Keywords: Georgia, “radical Europeanness”, identity, foreign policy, elites, social order.

Titile: Georgia Beyond “Radical Europeanness”: Undiscovered Directions of Foreign Policy
Author: Archil Sikharulidze
Type: Peer-Reviewed
Pages: 91-108
Publisher: MGIMO
Journal: International Analytics
Year: 2021
Place: Moscow, Russian Federation
DOI: https://doi.org/10.46272/2587-8476-2020-11-2-91-108 

Citation: Sikharulidze A.Т. Georgia Beyond “Radical Europeanness”: Undiscovered Directions of Foreign Policy. Journal of International Analytics. 2020;11(2):91-108. https://doi.org/10.46272/2587-8476-2020-11-2-91-108

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Georgia’s ‘deter-engage’ dichotomy


Georgian Dream could become the first party to retain power for a third consecutive term. What would this mean for the country’s foreign policy?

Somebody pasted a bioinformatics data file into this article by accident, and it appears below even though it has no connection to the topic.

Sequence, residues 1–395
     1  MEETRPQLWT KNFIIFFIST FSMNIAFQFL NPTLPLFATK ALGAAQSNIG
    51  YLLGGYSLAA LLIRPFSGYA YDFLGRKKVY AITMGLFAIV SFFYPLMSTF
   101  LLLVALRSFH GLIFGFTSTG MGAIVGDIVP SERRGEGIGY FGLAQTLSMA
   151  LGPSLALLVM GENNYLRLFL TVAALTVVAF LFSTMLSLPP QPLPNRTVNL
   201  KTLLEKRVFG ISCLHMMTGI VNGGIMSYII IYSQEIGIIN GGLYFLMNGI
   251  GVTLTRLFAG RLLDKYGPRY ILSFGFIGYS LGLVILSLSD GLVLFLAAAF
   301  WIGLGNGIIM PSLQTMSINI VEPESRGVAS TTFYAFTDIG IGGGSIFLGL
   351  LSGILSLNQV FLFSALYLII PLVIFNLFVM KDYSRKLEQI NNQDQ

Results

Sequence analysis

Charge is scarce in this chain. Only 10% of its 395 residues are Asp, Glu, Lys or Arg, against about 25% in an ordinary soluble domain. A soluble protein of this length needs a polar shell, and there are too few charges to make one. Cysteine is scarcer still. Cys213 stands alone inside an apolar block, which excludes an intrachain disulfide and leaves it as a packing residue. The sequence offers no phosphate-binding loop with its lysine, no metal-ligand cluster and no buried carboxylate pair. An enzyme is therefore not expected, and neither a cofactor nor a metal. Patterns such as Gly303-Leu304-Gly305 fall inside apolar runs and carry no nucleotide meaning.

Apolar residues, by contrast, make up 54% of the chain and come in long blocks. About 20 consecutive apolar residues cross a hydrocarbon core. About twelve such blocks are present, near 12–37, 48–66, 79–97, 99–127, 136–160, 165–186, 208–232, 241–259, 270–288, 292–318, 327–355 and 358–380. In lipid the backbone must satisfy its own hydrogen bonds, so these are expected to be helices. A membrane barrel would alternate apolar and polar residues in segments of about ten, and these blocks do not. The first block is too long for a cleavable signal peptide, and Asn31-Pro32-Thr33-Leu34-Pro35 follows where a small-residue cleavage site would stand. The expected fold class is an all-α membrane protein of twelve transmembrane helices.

On October 31st, Georgia is likely to experience historic parliamentary elections. On the one hand, the country may witness its second peaceful transition of power. On the other hand, the ruling Georgian Dream party could become the country’s first government to retain power for a third consecutive term. At the same time, Georgia is closer than ever before to achieving a coalition government. This possibility is welcomed by both local pro-Western forces and the country’s European and American partners. Despite this, rivalry between the parties remains fierce and is more focused on internal issues such as economic prosperity, equality, equity, poverty and unemployment. But there is also an external dimension in the form of Georgia’s foreign policy. Overall, it is interesting to question to what extent these elections may affect the state’s position in the region. This is especially true with regard to relations with Russia. Overall, it could be argued that the state is yet again facing a ‘deter-engage’ dichotomy in relation to its links with Moscow.